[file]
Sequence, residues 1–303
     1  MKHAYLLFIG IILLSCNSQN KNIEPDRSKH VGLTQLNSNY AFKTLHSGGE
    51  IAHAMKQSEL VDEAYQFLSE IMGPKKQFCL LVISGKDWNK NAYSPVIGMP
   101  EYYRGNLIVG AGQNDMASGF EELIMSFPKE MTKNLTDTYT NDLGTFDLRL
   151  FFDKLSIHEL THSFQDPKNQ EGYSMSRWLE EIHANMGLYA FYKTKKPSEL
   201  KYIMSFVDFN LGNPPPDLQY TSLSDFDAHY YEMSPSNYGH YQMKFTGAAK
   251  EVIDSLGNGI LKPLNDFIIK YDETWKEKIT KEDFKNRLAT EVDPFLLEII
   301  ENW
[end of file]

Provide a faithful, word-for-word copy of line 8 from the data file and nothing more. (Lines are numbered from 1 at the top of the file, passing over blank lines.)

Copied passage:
   301  ENW